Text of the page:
A Luminous Halo

"Life is not a series of gig lamps symmetrically arranged; life is a luminous halo, a semi-transparent envelope surrounding us from the beginning of consciousness to the end." --Virginia Woolf

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Location: Springfield, Massachusetts, United States

Smith ’69, Purdue ’75. Anarchist; agnostic. Writer. Steward of the Pascal Emory house, an 1871 Second-Empire Victorian; of Sylvie, a 1974 Mercedes-Benz 450SL; and of Taz, a purebred Cockador who sets the standard for her breed. Happy enough for the present in Massachusetts, but always looking East.

Thursday, January 02, 2014

Lakeville Lady

I confess, I have all the attributes of a literary snob. A Master's degree and most of the work towards a doctorate in English literature. A career as a college professor, as a cataloger of antiquarian books, and as a writer of academic and literary publications, whose specialty is putting medical, legal, or otherwise technical material into a format most people can understand. No television set. Zero interest in sports, lotteries, casinos, malls, fast food restaurants, or most other aspects of popular culture. But when I relax in my wing chair with a pot of tea and a book, it's virtually never an enriching work of non-fiction or a Pulitzer Prize-winning novel that I'm reading. My guilty secret is that I'm addicted to tacky genre romance novels.

And not just any tacky romance novels. Specifically, the really, really bad ones. The worse, the better. I'm talking about books in which the heroine's name changes from Julia to Jasmine in Chapter 3, or the writer forgets how many children Julia/Jasmine's sister has, or grammar and spelling errors abound. Books that contain thrilling exchanges of dialog like:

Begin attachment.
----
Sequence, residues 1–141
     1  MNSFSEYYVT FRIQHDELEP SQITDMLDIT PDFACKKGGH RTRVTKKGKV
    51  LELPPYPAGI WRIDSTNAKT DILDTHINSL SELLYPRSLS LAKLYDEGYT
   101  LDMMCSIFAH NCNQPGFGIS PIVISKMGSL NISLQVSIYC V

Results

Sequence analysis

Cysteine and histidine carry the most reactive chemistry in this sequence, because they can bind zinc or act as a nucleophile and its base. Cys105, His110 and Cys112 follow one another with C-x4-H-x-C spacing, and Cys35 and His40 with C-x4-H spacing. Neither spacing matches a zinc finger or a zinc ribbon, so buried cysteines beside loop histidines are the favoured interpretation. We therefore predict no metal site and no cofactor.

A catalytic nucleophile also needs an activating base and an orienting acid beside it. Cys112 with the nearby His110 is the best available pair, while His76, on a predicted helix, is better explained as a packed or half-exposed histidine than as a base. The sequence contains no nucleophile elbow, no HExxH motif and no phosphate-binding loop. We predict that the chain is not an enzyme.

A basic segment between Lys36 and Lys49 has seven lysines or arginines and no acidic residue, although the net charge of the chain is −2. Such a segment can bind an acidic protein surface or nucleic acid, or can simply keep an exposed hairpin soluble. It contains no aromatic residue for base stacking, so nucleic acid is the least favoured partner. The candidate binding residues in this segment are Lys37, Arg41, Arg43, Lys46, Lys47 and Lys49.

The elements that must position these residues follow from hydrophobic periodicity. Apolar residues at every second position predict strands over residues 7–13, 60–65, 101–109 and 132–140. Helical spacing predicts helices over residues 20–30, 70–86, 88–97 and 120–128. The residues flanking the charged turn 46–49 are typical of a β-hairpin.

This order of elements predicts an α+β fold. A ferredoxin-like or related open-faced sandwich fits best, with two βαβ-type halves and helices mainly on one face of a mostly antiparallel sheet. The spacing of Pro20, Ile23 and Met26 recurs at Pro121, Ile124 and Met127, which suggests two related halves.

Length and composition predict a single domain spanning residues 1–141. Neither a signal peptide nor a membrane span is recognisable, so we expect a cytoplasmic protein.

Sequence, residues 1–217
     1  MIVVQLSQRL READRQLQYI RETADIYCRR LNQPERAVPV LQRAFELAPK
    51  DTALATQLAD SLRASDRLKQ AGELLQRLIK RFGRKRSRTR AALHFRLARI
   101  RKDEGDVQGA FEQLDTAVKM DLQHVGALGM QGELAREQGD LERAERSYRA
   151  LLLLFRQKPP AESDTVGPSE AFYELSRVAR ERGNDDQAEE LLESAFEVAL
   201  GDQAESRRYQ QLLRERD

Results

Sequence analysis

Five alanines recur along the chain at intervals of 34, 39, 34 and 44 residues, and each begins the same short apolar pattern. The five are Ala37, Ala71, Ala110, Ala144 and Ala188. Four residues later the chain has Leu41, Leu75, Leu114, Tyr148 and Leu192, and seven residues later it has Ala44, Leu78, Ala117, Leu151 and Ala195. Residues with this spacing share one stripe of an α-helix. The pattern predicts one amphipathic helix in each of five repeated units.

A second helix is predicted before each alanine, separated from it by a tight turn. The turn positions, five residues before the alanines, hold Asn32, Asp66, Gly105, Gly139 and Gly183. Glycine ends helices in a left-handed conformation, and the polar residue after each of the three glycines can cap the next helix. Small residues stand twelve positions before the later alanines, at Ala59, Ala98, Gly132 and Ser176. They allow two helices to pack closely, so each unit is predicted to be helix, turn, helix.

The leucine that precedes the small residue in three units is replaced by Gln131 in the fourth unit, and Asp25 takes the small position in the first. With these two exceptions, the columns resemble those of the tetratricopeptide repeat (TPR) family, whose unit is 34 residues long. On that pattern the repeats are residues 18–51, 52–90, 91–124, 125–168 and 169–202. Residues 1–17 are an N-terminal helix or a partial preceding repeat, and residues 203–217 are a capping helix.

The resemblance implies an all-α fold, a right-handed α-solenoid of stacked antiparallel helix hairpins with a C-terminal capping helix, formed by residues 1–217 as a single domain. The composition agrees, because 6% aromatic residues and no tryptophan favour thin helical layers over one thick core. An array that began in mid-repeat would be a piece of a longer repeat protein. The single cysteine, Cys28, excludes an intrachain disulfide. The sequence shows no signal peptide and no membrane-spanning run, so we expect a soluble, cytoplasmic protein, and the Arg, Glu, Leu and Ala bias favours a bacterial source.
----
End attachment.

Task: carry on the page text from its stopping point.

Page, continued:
"Is there no way we can be on our own this evening?" he asked huskily.
       "It's impossible," she whispered. "It's our new diet conscious evening."

 I've never actually bought one of these, even at a tag sale where they can be had for a nickel. I check them out of the library--or, more likely, pick them up off the free shelf there. As a matter of fact, it's been a while since I've actually gotten any further into the library than the free shelf, the pickings there are so interesting. I go back to dump off ten that I've read, and return home with eighteen. It's sort of a disease with me.

One series particularly dear to my heart is British: the Linford Romance Library. For some reason I can't fathom, these are published by the Ulverscroft Foundation, a registered charity in the U.K, "established in 1974 to provide funds to help towards research, diagnosis and treatment of eye diseases." Among other charitable contributions, they endow the Frederick Thorpe Ulverscroft Chair of Ophthalmology at the University of Leicester. How they got into the crappy-romance-novel business is unclear.

 Lakeville Lady is a sterling example of the genre. Matilda Main has an engagement ring foisted on her by her current rich, older boyfriend, Jay Thorndike, who doesn't even bother to propose. Then he leaves town. Matilda decides to assert her independence by buying her own house, which she accomplishes (from checking the want ads, to purchase and sale agreement, to move-in) for $500 down in the space of an afternoon. She acquires a handyman named Rock, who can build a porch, chop a cord of wood and haul all the boulders for a retaining wall in the time it takes the womenfolk to make a casserole. They fall in love. Matilda learns that Jay is a swindler who is actually married to a woman named Thelma. Jay returns, Thelma appears and tries to shoot Matilda, Rock saves her life, the cops show up, Matilda and Rock confess their love for each other, the end.

The best line in the book, however, is on the half title page, penned by an earlier reader. "The worse written story I have ever read."

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